That’s what it sound, it will scare you at first when you start it up. There were 1,203 average thefts per month in 2020 across the United States, according to a study from NICB. This is a massive increase over the 282 average monthly thefts in 2019 and 108 thefts per month on average in 2018. In 2020, the top five states for catalytic converter thefts were California, Texas, Minnesota, North Carolina and Illinois. The pace of theft rose throughout the year. Each month from June through December showed double digit gains. In January, there were 652 incidents, but by December there were 2,347, At the beginning of May 2021, 45 bills were introduced across 23 states to fight the rise of catalytic converter thefts. Bills have already been passed in Indiana, Tennessee and West Virginia. On one Thursday in mid-March 2021, Nguyen had three vehicles in his shop, all of which had the catalytic converters stolen from them. Replacing the part is expensive. The converter itself is expensive, owing in part to the price of the metals. But a mechanic can’t just easily swap in a new device. The thing is, you have to replace the whole entire exhaust system. Yeah, not just catalytic converter. You have to replace a whole pipe, rear pipe and the front pipe. This pipe has to be replaced also. There are also long waits for the part. Nguyen said he has waited months for some. Thefts are driving up demand and coronavirus is slowing down supplies. The Toyota Prius is especially valued by thieves for a few reasons, Nguyen said. The car, which is a hybrid vehicle, has two catalytic converters right next to each other. In addition, because the Prius relies on electric power for at least part of the time and burns a lot less gasoline, the converters are less used up. But large gas guzzlers can be targets too. A car, truck or SUV with high ground clearance is an especially convenient target because of the easy access. Cars with bigger engines, including trucks and SUVs, are also vulnerable, Nguyen said. The bigger the engine is, the bigger the catalytic converter needs to be.
The exact causes are tough to pin down, but the impact of the coronavirus pandemic is tough to ignore. You have unemployment, you have lack of opportunity for our youth, you have social service organizations that have been shut down because of the pandemic. Schools have been closed. You have lack of opportunity, lack of hope. And all of that will lead to is crime. Community support resources are one way to reduce the problem, according to law enforcement veterans. How are you engaging them, making sure they have employment access, academic access, social services to support them? Because crime rates ebb and flow with the issues in society. And law enforcement is one tool, but you cannot arrest the way out of crime. So how can people protect themselves? For cars, there are a number of steps people can take. Basic things like locking doors, parking in well-lit areas. And as mentioned before, getting some kind of antitheft device. Another thing, make sure the keys aren’t in the car. This, say law enforcement veterans, has become a bit of a problem in the era of remote access key fobs that don’t need to be inserted in the ignition. Some cars even have little holsters for the key fob. But drivers mistakenly leave these fobs inside the car or sometimes even intentionally leave them inside because it is convenient. They don’t have to worry about their keys. You don’t have to check their pockets. So it became, in your home and your house and you feel safe in your home and you’re inside maybe at work on Zoom or some other platform and your car goes away because you left to the fob in the car.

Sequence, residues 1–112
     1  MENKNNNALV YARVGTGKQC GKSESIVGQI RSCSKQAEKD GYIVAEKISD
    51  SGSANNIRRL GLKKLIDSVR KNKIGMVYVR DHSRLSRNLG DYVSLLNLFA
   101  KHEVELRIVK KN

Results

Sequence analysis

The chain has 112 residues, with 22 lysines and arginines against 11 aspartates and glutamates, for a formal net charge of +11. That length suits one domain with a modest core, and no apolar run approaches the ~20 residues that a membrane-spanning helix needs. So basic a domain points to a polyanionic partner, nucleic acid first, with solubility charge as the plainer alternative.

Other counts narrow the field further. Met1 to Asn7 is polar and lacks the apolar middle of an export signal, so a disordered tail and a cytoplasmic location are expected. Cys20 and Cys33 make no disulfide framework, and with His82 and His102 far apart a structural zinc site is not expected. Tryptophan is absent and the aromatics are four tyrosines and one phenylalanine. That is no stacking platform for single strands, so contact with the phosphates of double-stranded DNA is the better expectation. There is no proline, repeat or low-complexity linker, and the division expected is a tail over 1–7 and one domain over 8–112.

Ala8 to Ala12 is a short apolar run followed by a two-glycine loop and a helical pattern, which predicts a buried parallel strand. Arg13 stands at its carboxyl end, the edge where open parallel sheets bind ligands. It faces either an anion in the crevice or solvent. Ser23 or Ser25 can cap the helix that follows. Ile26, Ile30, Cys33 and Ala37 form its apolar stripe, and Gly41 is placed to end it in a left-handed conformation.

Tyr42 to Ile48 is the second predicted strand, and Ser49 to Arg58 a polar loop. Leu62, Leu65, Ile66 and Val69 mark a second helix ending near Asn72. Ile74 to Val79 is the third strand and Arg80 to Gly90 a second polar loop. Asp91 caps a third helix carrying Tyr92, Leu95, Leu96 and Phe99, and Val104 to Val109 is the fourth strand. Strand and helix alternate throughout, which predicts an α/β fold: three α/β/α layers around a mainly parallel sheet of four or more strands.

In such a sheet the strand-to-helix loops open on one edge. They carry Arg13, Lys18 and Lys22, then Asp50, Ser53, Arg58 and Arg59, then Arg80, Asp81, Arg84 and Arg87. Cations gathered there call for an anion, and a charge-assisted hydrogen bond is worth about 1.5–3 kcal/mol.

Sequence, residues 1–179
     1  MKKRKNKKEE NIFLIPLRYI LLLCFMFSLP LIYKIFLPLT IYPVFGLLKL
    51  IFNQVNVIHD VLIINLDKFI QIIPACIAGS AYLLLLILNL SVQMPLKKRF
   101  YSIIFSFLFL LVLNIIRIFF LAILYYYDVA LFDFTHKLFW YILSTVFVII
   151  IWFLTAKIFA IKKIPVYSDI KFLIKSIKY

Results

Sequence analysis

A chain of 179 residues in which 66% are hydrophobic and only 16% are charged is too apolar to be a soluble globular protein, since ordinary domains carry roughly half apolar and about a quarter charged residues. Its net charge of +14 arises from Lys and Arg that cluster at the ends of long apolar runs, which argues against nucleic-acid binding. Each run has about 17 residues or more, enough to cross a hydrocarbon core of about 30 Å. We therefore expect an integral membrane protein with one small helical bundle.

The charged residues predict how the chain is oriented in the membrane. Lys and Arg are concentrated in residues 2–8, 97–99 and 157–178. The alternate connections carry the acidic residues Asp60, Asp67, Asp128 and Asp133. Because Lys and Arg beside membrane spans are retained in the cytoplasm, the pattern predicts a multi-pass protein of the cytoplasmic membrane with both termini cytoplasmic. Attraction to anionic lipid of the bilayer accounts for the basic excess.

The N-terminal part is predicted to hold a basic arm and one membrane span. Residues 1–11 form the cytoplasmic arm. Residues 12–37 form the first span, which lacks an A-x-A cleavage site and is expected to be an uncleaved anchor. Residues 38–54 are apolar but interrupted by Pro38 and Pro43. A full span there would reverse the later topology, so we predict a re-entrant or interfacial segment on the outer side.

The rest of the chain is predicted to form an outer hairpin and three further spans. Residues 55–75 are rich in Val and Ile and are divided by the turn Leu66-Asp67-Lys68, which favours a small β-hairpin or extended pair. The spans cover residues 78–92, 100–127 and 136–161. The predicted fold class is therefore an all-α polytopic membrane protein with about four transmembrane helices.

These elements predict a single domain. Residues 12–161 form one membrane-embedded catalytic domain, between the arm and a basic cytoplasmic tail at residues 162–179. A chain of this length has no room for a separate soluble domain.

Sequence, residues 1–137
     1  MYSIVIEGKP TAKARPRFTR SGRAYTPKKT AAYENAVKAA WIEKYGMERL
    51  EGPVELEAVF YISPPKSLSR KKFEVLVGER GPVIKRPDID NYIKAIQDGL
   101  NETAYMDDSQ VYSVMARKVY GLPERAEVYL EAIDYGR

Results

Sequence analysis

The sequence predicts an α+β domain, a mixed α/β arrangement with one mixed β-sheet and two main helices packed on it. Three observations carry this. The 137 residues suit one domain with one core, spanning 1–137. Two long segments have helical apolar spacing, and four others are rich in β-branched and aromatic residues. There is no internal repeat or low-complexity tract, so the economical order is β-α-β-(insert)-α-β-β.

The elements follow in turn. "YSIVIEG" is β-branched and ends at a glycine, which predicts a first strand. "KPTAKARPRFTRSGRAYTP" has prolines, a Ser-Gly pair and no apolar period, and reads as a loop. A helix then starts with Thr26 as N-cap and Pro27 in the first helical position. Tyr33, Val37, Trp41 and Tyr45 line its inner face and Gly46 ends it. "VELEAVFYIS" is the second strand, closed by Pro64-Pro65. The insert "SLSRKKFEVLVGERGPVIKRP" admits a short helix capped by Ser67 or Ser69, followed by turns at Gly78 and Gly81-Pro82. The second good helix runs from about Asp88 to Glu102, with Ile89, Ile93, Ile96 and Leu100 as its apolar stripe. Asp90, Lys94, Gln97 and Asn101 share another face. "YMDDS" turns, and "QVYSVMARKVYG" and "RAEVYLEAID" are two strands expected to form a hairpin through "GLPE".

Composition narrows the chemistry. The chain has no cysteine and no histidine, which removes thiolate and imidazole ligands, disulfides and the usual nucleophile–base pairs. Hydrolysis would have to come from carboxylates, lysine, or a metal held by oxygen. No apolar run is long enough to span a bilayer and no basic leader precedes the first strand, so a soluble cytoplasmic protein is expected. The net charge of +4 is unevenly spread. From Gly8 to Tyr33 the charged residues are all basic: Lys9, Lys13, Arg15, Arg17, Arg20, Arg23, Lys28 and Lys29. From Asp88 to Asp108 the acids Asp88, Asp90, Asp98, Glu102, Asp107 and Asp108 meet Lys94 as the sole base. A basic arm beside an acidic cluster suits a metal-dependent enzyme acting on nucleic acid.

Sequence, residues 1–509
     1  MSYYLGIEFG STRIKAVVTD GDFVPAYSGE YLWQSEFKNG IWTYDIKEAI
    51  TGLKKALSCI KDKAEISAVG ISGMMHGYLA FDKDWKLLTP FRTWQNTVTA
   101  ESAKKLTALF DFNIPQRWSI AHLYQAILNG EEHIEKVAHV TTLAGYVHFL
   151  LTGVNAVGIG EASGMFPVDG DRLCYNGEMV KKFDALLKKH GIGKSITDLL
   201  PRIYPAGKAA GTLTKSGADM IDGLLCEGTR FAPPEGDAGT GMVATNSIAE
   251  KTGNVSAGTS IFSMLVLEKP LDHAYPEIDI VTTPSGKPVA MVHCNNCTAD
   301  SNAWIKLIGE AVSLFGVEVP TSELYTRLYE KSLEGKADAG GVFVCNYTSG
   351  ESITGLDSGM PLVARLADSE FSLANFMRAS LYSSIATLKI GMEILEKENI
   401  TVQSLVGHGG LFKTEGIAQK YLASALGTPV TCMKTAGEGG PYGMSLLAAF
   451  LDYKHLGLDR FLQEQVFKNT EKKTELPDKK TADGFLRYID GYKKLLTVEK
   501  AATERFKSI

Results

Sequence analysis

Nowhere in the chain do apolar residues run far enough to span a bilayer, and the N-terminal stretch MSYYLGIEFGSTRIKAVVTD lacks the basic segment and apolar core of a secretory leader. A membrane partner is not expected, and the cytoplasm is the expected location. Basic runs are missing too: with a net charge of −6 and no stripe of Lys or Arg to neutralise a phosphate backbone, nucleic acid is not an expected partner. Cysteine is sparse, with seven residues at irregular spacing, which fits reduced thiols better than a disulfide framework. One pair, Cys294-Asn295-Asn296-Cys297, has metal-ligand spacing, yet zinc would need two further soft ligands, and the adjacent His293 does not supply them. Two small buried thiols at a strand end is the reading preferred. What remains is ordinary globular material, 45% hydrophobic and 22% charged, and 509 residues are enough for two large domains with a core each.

A car can give signals that a key fob might be in the vehicle. The side view mirrors might open up when a key fob is nearby. It can be easy to see which cars might have a key fob in them just by scanning a street. Beyond that, consumers can rely on car alarms or other warning systems and technologies that immobilize vehicles or make them harder to steal, such as smart keys, fuze cutoffs, kill switches, starter ignition, and fuel pump disablers and wireless ignition authentication. Cars are increasingly connected and can be located remotely. General Motors OnStar service, a long running example, can be used to locate a stolen vehicle. To protect against catalytic converter theft, consumers can consider parking their cars in closed, or better, locked garages and installing antitheft devices to deter thieves. Consumers can also check to see what their insurance covers. On one vehicle, a Prius, Nguyen installed a security plate below the new catalytic converter at the customer’s request. The plate is held to the car with screws that require a unique tool to unfasten them. The value of a car and the parts it contains makes it a tempting target. As long as prices for these metals are high, the temptation to steal catalytic converters will remain.